What do you give to the pope, who pretty much has everything he could want, especially if he is a simple man at heart?

That was the problem facing the Order of St. Augustine, whose leadership gathered in Rome on Aug. 28, the feast of St. Augustine, at the Basilica of St. Augustine for a general chapter.

After an announcement in late July that Pope Francis would celebrate the opening liturgy at the general chapter, Augustinian Father Richard Cannuli, who is chair of the art department at Villanova University, offered to paint an icon for the pope as an appropriate gift.

The offer was immediately accepted by Augustinian Father General Robert Prevost, who said, “Do St. Augustine.”


The icon, which in a rather nice touch is inscribed “San Augustin de Hippo,” utilizing the native Spanish language of Pope Francis, was presented to his Holiness on Aug. 28 by Cardinal Prospero Grech, O.S.A., and Father General Prevost.

The back of the icon has an English explanation of the presentation preceded by “AMDG” the initials for “Ad Majorem Dei Gloriam” (To the Greater Glory of God). That is the motto of the Society of Jesus, the order in which Pope Francis spent his entire ministry.

That Father Cannuli could supply such an icon on short notice should be no surprise because he has painted several hundred icons during a distinguished career. As a certified liturgical design artist he has designed many liturgical vestments as well furniture, stained glass windows, water colors and mosaics.

He is also curator and gallery director for Villanova University’s 9,000-piece art collection.

For the most part, after Father Cannuli has designed a stained glass piece in color, he sends to a studio in Siena, Italy, where it is transferred to glass.

Originally from St. Thomas Aquinas Parish in South Philadelphia, he graduated from the former Bishop Neumann High School and received his bachelor’s and master’s degrees in fine arts from Villanova University.

His congregation then sent him to the Pratt Institute in Brooklyn, N.Y., for doctoral studies. He also studied at the Pennsylvania Academy of Fine Arts in Philadelphia and has taught summer programs in China and Italy.

Although he was an Augustinian Friar for many years and a faculty member at Villanova since 1979, he did not decide to seek priestly ordination until 1996. He was ordained a priest in 1999.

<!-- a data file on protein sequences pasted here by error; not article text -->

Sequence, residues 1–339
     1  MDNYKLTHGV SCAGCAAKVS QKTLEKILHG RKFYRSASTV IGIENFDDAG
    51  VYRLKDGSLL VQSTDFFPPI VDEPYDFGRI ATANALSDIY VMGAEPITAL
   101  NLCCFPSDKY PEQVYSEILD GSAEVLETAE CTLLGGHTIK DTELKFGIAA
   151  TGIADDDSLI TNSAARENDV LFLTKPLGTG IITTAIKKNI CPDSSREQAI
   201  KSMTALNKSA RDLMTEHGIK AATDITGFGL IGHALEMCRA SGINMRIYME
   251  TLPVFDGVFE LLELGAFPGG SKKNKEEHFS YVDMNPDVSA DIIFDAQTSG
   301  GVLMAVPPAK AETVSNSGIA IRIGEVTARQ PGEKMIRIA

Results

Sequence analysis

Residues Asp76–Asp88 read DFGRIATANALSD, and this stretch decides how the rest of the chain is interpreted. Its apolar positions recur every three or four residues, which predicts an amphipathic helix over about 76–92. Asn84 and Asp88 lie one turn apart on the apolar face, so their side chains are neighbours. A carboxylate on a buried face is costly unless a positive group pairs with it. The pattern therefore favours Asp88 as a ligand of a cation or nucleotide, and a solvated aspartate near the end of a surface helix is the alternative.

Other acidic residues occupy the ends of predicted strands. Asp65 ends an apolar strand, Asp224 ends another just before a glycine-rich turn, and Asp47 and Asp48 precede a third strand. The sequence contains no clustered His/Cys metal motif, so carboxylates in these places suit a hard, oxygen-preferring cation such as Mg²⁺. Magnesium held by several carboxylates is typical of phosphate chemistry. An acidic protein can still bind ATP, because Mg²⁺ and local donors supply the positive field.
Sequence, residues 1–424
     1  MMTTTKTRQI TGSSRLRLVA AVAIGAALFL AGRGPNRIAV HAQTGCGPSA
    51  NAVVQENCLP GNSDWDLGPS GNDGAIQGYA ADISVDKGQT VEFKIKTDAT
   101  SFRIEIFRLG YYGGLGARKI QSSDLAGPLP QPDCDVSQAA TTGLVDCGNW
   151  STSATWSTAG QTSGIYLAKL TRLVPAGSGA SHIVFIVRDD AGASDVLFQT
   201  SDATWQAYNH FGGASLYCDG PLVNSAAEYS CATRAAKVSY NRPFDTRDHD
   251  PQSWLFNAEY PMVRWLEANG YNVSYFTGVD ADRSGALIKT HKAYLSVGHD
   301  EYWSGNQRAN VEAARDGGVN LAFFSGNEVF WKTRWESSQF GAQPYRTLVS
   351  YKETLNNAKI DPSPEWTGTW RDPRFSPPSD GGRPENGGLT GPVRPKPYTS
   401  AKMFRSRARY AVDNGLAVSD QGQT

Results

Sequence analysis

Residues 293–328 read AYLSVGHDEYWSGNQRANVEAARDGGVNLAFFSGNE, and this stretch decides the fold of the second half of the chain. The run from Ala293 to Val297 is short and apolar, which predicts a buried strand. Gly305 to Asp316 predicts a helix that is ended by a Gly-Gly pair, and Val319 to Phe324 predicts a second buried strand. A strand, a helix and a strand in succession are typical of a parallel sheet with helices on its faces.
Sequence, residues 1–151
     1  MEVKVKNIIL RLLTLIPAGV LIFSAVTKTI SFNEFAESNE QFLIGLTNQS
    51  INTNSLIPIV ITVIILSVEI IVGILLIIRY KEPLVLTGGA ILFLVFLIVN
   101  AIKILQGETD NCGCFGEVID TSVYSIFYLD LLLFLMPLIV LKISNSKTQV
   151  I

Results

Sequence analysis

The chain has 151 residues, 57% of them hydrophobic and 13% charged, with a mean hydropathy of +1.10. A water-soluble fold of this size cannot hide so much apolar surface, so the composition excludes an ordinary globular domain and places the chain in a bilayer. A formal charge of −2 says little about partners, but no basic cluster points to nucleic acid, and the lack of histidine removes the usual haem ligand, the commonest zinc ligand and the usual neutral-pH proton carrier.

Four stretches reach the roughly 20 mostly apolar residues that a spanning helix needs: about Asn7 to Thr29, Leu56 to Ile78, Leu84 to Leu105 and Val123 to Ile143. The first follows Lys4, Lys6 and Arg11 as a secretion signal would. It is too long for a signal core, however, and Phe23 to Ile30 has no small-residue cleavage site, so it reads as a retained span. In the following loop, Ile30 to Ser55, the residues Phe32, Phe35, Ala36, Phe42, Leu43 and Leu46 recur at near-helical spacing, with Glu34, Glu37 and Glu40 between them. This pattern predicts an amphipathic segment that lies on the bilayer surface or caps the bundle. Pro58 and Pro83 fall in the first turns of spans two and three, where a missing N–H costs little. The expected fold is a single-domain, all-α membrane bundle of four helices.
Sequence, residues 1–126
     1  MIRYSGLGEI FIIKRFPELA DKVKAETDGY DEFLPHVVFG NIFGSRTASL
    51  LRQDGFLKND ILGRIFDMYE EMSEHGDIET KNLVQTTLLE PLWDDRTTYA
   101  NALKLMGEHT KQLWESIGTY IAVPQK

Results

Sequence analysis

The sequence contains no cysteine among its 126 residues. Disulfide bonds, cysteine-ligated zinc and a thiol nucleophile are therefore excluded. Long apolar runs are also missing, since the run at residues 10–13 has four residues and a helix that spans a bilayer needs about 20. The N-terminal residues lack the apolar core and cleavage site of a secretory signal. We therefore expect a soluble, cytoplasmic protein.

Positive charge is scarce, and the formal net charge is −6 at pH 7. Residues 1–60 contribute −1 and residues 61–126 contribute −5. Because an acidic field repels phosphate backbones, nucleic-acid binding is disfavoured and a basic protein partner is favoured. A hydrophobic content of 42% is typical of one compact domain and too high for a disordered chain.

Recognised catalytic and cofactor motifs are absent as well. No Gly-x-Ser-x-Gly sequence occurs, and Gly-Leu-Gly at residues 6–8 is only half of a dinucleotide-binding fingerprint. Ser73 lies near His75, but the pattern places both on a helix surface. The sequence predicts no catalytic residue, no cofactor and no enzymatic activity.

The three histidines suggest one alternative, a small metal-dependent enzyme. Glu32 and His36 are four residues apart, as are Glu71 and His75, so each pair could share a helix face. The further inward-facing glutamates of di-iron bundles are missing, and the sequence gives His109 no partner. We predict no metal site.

Among his most impressive stained glass commissions is at the Carmelite monastery of the Holy Name of Jesus in Denmark, Wisconsin, and that includes “some 30 windows,” Father Cannuli said.

Generally speaking, the icons can be divided into two groups – canonical and devotional. The canonical icons follow the form of icons before the split of the eastern and western Churches, or Roman Catholic and Orthodox.

The later devotional images executed by Father Cannuli include such examples as Miguel Pro, Cardinal John Newman, St. Philip Neri and most recently Mother Cornelia Connelly.

The more numerous canonical icons might include multiple images of the same subject, highly stylized but with slight difference. For example the St. Augustine icon presented to Pope Francis is just one of several St. Augustine icons painted by Father Cannuli.
Another image showing Christ before the crucifixion with the crown of thorns, draped with a cloak and with tied hands, which is often called “Extreme Humility,” has been painted by him about 15 times, with slight variations.

One copy was presented to the famed St. Catherine’s Monastery in the Egyptian Sinai, where it has been used in Orthodox Divine Liturgy. Another of his icons was presented to Cardinal Stanislaw Dziwisz, the Archbishop of Krakow who was a close associate of Pope John Paul II.

“I believe the icons go where they are intended to go,” Father Cannuli said, adding “for me, the most important one is the one I am working on at the time.”


See more examples of Father Cannuli’s work at his website.